Abstract: Seeking to fully know the other can have the effect of minimising the wholly different gestalt of the other’s lifeworld. This mode of knowing can thereby be a means of reduction, generalisation, possession, and control. In this essay, the author analyses a contemporary ethnography of Warlpiri women’s song-poems, Jardiwanpa Yawulyu: Warlpiri Women’s Songs from Yuendumu (2014). This ethnography is theorised as a mode of open text that animates a collision of epistemologies: those of Western settler culture, and those of the Warlpiri women who collaboratively authored the book. The author emphasises the cultural lenses that she brings to the intellectual and emotional work of reflexive close reading, and insists that her own position as whitefella, settler, Westerner, combined with the necessary partiality of the text, renders her incapable of any sort of comprehensive access to the ‘total poem,’ the ritual situation, which the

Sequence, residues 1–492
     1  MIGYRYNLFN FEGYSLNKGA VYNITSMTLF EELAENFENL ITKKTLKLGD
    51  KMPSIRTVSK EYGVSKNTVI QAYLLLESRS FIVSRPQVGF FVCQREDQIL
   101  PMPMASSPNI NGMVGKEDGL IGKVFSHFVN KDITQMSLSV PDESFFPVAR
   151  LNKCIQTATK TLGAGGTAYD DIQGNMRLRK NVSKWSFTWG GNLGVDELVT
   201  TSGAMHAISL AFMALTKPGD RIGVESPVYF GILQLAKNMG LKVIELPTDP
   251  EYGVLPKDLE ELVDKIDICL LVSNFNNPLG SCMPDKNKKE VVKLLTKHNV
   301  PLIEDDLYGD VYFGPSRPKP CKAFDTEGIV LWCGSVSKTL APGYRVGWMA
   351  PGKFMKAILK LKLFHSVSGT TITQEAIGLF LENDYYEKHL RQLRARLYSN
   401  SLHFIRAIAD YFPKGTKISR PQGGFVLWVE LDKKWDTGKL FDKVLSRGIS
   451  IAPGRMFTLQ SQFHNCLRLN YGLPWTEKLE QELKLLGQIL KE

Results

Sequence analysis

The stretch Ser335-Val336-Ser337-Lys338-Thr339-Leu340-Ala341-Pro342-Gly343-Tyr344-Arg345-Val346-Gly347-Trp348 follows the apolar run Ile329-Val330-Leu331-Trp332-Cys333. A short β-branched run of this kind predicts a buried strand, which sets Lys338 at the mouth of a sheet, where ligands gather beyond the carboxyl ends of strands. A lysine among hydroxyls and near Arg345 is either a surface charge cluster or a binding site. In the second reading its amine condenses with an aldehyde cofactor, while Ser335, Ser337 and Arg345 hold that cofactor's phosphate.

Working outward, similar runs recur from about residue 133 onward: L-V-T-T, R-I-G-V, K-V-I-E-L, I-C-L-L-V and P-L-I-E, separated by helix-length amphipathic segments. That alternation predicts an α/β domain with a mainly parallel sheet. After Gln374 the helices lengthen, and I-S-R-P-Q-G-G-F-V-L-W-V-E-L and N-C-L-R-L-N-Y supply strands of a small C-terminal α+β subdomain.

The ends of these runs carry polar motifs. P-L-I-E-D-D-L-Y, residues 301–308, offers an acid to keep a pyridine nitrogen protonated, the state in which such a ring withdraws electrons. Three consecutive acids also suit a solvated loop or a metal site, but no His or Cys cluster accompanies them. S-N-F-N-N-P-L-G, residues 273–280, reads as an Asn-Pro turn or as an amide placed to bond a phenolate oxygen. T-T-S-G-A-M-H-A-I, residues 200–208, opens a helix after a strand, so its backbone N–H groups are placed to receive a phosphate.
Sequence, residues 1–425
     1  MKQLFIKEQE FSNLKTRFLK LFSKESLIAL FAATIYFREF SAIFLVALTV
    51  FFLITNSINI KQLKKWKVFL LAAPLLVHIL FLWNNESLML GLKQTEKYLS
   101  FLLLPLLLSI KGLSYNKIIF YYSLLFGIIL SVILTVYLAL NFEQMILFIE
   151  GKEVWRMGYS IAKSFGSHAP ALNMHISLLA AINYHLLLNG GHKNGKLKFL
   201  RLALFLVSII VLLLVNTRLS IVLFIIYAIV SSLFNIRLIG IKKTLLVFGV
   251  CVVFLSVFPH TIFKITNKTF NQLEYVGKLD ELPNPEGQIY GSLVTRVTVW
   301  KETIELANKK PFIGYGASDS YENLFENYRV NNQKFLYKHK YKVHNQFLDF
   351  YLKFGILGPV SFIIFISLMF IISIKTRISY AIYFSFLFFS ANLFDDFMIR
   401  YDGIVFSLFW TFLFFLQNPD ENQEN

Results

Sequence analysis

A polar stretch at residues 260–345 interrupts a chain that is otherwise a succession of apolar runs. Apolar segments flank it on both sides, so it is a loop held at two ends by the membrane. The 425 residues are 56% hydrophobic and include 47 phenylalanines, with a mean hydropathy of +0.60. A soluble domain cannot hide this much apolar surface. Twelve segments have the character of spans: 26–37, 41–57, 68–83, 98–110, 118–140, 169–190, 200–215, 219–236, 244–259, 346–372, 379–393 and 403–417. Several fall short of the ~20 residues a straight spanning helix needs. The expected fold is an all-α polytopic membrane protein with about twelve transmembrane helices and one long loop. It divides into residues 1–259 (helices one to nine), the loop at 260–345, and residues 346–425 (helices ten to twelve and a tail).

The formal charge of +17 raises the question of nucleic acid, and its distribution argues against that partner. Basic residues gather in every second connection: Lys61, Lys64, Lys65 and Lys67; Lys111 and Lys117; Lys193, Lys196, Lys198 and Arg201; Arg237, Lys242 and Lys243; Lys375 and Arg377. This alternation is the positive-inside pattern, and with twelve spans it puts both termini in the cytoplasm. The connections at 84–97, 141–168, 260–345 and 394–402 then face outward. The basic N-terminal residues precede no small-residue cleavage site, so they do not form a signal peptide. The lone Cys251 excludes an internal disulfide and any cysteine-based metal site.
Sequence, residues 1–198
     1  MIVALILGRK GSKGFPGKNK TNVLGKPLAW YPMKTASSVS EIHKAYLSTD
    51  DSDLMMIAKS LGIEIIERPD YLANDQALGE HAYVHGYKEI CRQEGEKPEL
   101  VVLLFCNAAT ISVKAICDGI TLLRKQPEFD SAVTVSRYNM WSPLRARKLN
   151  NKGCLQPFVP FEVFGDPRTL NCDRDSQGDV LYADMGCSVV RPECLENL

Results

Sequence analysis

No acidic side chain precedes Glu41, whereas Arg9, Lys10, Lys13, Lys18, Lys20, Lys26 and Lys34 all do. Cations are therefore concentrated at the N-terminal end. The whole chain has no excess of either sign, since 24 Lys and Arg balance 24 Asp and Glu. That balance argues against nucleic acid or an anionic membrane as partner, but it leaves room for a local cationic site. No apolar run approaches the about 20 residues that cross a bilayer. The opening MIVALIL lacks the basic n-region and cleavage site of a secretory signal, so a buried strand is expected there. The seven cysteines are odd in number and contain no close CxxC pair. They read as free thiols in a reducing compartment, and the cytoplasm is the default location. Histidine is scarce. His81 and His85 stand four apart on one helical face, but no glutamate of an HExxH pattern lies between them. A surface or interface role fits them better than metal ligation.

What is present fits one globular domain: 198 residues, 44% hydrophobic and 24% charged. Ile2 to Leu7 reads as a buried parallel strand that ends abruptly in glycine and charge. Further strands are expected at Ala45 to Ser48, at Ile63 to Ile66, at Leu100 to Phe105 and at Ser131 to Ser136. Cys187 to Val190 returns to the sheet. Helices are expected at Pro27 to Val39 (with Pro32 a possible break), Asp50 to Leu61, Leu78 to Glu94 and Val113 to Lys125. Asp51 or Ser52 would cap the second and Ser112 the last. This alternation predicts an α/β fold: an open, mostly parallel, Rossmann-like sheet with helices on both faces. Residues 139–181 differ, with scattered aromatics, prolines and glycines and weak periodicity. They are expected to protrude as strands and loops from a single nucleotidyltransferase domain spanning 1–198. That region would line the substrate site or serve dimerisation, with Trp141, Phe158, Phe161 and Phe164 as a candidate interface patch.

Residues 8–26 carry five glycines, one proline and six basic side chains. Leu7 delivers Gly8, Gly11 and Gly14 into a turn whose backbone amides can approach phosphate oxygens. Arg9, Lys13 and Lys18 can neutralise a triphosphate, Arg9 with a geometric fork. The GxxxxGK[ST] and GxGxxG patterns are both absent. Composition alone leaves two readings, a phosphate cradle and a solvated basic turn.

book represents.

Keywords: reflexive ethnography; open text; Warlpiri poetics; Warlpiri songs; songpoetry; ethnopoetics

Copyright © Joan Fleming 2018. This text may be archived and redistributed both in electronic form and in hard copy, provided that the author and journal are properly cited and no fee is charged.